My biggest criticism of Illumination has been that their animated films feel less like movies and more like stitching together of good-but-not-great gags. Migration, however, manages to work as a complete film, as the patchwork formula works better for this film than the studio’s previous efforts. Even better, it’s a good-looking film with some solid character development, shirking the usual shortcomings and easy routes the likes of Despicable Me and Sing have stuck towards.
It’s fitting for such a film that it’s all about venturing out of your comfort zone. Mack (Kumail Nanjiani) is a mallard who has preferred his stay-put lifestyle of never leaving his pond. To ensure his kids, Dax and Gwen, will stay put in the pond, he frightens them with stories of predators and death to keep them contained. It’s a lifestyle that his wife, Pam (Elizabeth Banks) has grown tired of, wanting to use those wings for more than just spinning around in the same pond.
When some migrating birds stop by the pond, exciting ideas of seeing the world dance in the heads of the mallard family. Mack is resistant, but a sobering talk with his lazy and cynical Uncle Dan (Danny DeVito) has convinced him to try something new with Uncle Dan in tow. And trying something new is exactly what this Illumination film does. It features an adventure-style road trip with dazzling sights amid getting lost and flying in the wrong direction. Everything from the sunny skies of rural America to the towering skyscrapers of New York is amazing to witness. They also have colorful characters for each locale to complete the trip.
A road trip film is only as fun as the detours it features, and there’s much to note. Carol Kane plays an eccentric heron with a shack straight out of a horror movie, cleverly staged with the erratic movements of the heron and the dark setting of a rainy swamp. Awkwafina is in her element as a sneering gang-leading pigeon of New York City. Keegan-Michael Key brings an exuberant energy to Jamaican-accented parrot Delroy, and David Mitchell delivers a weirdly fitting performance as the cult duck leader Googoo.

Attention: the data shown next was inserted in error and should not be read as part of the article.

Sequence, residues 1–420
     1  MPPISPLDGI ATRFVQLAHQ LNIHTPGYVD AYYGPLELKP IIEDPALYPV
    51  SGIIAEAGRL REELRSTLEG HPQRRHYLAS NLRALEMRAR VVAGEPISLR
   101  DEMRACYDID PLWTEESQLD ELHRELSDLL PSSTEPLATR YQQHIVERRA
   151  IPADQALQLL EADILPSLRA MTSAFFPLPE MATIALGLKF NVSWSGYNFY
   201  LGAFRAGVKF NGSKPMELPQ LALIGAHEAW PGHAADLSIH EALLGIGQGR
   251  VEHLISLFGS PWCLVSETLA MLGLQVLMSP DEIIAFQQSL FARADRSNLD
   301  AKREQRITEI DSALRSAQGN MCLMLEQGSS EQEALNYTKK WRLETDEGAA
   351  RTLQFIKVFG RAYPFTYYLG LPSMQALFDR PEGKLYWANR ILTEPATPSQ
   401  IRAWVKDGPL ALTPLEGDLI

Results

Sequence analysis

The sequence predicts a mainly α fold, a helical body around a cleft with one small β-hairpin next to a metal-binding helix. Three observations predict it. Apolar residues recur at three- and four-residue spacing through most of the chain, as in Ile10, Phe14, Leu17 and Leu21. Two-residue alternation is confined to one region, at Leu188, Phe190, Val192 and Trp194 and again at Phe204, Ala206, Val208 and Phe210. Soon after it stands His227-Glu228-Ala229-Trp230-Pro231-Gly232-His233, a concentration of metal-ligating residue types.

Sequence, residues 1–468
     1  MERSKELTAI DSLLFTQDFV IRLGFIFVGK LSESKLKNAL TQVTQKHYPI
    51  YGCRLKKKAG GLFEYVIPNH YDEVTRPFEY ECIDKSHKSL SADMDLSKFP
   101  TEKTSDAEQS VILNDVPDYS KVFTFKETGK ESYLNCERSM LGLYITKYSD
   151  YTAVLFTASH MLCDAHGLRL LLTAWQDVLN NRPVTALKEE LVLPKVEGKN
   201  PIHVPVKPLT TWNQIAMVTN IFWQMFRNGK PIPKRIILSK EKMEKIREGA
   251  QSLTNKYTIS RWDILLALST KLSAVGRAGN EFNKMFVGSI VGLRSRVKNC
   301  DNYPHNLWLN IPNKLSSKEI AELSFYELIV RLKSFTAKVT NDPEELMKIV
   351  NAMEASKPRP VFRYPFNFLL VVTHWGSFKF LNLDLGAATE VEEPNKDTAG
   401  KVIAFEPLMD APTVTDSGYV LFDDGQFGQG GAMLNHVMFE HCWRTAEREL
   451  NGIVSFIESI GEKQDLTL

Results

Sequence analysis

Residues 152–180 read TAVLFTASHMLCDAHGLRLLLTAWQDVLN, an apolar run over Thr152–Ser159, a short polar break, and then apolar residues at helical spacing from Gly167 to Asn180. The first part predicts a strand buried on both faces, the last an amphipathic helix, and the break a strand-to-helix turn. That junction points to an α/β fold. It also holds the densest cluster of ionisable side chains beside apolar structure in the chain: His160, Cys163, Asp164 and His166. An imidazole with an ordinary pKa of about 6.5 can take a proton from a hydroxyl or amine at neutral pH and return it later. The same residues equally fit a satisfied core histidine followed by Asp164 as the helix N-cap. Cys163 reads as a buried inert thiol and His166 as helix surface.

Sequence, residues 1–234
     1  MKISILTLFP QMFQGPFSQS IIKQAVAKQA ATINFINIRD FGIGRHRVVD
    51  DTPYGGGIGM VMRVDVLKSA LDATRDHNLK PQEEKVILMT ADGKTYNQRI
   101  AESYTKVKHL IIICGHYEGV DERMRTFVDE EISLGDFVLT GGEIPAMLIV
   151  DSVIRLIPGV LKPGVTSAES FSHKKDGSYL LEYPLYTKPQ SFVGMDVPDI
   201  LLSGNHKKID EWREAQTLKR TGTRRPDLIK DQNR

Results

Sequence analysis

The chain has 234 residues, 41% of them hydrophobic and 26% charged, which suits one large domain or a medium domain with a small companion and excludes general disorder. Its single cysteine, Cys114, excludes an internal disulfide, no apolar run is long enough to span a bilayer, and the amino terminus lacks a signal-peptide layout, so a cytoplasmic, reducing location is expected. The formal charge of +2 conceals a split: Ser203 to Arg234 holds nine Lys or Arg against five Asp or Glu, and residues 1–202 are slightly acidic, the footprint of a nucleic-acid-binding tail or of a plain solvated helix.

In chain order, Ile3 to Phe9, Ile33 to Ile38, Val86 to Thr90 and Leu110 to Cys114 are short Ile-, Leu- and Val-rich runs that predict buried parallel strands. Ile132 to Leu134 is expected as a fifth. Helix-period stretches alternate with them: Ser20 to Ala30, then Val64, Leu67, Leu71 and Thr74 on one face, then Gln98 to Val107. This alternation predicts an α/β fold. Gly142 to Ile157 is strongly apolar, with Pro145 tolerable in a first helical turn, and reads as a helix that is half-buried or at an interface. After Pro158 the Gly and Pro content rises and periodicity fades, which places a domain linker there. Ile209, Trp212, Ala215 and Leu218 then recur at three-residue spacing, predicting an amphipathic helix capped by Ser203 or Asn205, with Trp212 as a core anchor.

The central antagonist of the adventure is a rich city chef who relentlessly pursues the ducks who mess up his snooty hipster restaurant. It seems baffling that a guy who owns a successful business and his own stylish helicopter would waste his time on two specific ducks (Mack and Pam). That said, he’s comically designed and built for slapstick, made all the more intimidating without a voice actor.
While there’s plenty for the mallard family to do in this, they’re also kept in focus enough so that their arcs don’t become lost in the onslaught of animated asides. Mack’s quest for bravery is enduring considering how he learns to take chances with his family better. Though eager for adventure, Pam also has to place some trust in her husband when things look grim. Dax is given the chance to prove himself when the chips are down (or, more specifically, his wings) and maybe impress another duck he has a crush on. Gwen is…well, Gwen gives hugs, so that’s a low bar for the youngest member to cross.
While there’s nothing all that profound about these arcs, they’re so solidly assembled that it’s surprisingly sweet to see this family come together. The dangers they fall into have weight and stakes, from a paradise trap of a duck farm to the high-altitude showdown with the evil chef who needs to find a different meat to pursue. The family unit also has clever lines of dialogue, especially with the genius choice of Danny DeVito playing the slightly cynical uncle with some clever commentary throughout.
The Great Animated Outdoors
The best quality of the film is the production of the environment. There are a variety of locations, giving off a certain beauty to it all where exaggerated ducks can soar. Considering the goal of this film is the ducks arriving in Jamaica, the payoff is as beautiful as it was boasted in the first act. On that adventure, however, there are a lot of wondrous sights to appreciate, as with a trip through the clouds that leads to a snowball-style play for the mallards.
This film works well with these great environments because there’s room to appreciate the allure. Having seldom left their pond, the mallard family takes in the fresh change of pace and admires the sensations of soaring through cloudy skies and exploring the city’s many birds and foods. Moments of appreciating that wonder make this eye-candy animation less prone to empty calories with a firm foundation of family and exploration.
Migration doesn’t soar to new animated heights, but it knows where to find the best spots worth visiting. It has enough charming locations and fun character moments to make it a worthy animated feature. The road trip subgenre bodes well for Illumination’s method of animated storytelling, and the writing manages to stay grounded in a film where it could easily fly all over the place. While crafting a cute animal cartoon movie like this one seems as though it could write itself, it’s surprising and welcoming that Illumination put the extra effort into what could’ve easily been a routine picture, aiming for the skies rather than the shooting gallery of easy targets.
Migration will be playing in theaters on December 22nd, 2023.
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